Delegates vote to eliminate AIWs at 2012 Justice GA
After impassioned debate on the future of Actions of Immediate Witness at Unitarian Universalist Association General Assemblies, delegates overwhelmingly voted in favor of a bylaw amendment that would eliminate AIWs at the 2012 Justice GA in Phoenix. The amendment also reconstitutes AIWs with the 2013 GA, reducing the allowable number of AIWs to three from six.
An amendment that would have eliminated AIWs from the GA agenda with no provision to restore them failed. It was the first of the two AIW amendments under consideration by the delegates. It needed a two-thirds majority of delegates to pass. However, 508 voted in favor and 406 delegates voted against, short of the two-thirds needed.
The fate of AIWs has been under discussion for more than a year, with concerns that the social witness resolutions brought to the General Assembly by petition were not appropriate for the 2012 “Justice GA” being planned for Phoenix. They require at least two plenary sessions and multiple mini-assemblies. Eliminating AIWs and other plenary business from the General Assembly agenda would free up time for social witness activities, proponents said, in keeping with a resolution passed by the 2010 General Assembly dedicating the Phoenix GA to “witnessing on immigration, racial, and economic justice.”
Debra Gray Boyd, a member of the First UU Church of Columbus, Ohio, and newly appointed member of the GA Planning Committee, told the delegates that it was “imperative that we maintain our right relationship with those in our community and with out partners in Arizona” to come together, stand for justice, and stand on the side of love. “If we don’t pass this amendment, we will spend an untold amount of time in plenary rather than out in partnership with those who invited us,” she said, to applause and chairs from the delegates, imploring them not to engage in the time-consuming process of AIWS in 2012.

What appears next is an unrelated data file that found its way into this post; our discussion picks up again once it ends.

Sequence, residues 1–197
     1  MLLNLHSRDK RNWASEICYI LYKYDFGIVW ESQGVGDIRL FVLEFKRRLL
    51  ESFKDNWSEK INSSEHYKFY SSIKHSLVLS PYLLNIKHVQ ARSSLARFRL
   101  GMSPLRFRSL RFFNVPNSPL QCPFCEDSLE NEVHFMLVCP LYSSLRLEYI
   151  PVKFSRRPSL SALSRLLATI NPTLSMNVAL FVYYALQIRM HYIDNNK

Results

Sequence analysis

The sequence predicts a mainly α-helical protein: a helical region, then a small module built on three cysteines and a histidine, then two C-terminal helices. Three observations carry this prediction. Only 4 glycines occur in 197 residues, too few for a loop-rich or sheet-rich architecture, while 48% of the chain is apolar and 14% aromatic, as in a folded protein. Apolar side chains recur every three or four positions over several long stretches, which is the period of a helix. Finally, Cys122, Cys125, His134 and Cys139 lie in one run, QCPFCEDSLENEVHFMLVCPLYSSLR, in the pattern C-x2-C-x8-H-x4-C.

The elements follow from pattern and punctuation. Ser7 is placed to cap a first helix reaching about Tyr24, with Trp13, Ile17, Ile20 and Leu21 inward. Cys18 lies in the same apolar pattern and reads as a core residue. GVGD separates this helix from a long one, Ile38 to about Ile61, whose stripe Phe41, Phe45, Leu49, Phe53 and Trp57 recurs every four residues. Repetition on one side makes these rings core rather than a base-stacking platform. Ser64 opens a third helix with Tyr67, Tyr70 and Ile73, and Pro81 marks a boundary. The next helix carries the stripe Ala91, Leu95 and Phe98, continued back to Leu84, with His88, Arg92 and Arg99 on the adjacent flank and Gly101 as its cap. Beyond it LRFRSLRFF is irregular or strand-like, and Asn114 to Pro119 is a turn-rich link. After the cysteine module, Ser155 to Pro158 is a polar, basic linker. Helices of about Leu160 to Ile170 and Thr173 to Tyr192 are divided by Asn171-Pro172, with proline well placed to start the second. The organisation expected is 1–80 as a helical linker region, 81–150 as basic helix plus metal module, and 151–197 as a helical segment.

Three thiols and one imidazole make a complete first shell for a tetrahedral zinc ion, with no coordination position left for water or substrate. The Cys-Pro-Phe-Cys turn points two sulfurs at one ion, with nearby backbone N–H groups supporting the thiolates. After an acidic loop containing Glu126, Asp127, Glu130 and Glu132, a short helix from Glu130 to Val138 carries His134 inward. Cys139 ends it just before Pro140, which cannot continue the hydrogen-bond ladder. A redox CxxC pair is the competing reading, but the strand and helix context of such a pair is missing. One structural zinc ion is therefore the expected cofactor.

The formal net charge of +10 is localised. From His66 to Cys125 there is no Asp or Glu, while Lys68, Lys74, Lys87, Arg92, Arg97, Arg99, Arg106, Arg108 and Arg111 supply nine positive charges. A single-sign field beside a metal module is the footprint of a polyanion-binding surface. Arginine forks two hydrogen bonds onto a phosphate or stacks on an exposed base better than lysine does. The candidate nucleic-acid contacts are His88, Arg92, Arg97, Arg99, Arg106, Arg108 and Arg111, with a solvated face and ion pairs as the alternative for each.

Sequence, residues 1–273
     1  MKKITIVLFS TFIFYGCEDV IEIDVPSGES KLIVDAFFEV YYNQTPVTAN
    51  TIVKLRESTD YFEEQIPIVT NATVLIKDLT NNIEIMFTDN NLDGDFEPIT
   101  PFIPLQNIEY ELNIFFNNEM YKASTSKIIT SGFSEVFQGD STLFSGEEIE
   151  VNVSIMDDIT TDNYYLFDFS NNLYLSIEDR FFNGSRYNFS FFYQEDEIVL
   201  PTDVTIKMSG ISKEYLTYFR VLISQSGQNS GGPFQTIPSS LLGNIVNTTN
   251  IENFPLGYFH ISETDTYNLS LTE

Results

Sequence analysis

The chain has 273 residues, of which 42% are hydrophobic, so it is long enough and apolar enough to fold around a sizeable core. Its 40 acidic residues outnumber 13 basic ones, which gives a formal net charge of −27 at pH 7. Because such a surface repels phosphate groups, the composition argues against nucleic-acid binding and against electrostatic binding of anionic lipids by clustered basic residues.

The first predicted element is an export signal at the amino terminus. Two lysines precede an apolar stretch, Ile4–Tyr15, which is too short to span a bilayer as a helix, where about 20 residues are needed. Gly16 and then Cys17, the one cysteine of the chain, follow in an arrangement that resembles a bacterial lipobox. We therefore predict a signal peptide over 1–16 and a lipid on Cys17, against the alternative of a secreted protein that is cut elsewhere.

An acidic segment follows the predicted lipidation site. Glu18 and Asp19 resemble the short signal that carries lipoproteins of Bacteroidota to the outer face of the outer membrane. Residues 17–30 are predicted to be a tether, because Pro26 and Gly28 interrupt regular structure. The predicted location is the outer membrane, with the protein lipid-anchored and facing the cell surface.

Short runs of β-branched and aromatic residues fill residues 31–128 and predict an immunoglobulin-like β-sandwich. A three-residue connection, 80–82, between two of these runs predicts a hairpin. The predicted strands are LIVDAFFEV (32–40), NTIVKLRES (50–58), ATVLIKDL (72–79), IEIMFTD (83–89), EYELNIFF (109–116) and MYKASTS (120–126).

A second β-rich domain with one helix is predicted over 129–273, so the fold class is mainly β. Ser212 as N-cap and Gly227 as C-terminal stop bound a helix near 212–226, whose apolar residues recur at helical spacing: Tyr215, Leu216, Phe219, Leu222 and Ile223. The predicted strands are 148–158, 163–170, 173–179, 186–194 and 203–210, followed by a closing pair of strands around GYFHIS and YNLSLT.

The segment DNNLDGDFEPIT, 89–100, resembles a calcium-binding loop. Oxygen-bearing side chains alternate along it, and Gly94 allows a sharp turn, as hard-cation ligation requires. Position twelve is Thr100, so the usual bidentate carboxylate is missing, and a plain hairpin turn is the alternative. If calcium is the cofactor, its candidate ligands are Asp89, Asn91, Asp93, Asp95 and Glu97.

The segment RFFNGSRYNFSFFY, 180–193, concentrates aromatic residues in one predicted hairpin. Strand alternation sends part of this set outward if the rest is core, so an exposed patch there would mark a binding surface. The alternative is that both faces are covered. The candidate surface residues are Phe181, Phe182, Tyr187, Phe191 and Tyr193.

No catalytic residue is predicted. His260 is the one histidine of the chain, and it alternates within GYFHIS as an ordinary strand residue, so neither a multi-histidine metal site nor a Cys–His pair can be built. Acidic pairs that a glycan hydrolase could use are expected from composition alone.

The Rev. Susan Frederick-Gray, minister of the UU Congregation of Phoenix and head of the Arizona Immigration Ministry, also spoke in favor of the amendment. “The spirit and the meaning of what we passed at last year’s GA was to do as little business as possible so we can do education, community building, and social justice work,” she said.
A question arose during the debate on the first AIW amendment about what affect, if any, eliminating AIWs would have on the UUA’s social witness work and whether UUA staff would have the authority to do lobbying and organizing about issues that are not covered by statements of conscience.
Susan Leslie, UUA Director for Congregational Advocacy & Witness, responded that, for the UUA staff to sign onto a position on a social issue, it has to be grounded in something that comes from the GA. “If there is not a resolution, statement of conscience, or AIW, we cannot make a statement.” The staff would instead have to ask the UUA president to sign onto an action directly. Leslie noted that several years ago, the staff had to refrain from issuing a statement about stem cell research because there had not yet been an AIW on that topic yet.
Several delegates spoke from the “con” microphone, noting that they were uncomfortable going to a Justice GA without the opportunity to issue justice statements in the form of AIWs. “We can walk and chew gum at the same time,” said the Rev. Finley Campbell of the First Unitarian Society in Chicago.
With long lines remaining at both the “pro” and “con” microphones, a delegate called for a vote, and the amendment passed by an overwhelming margin.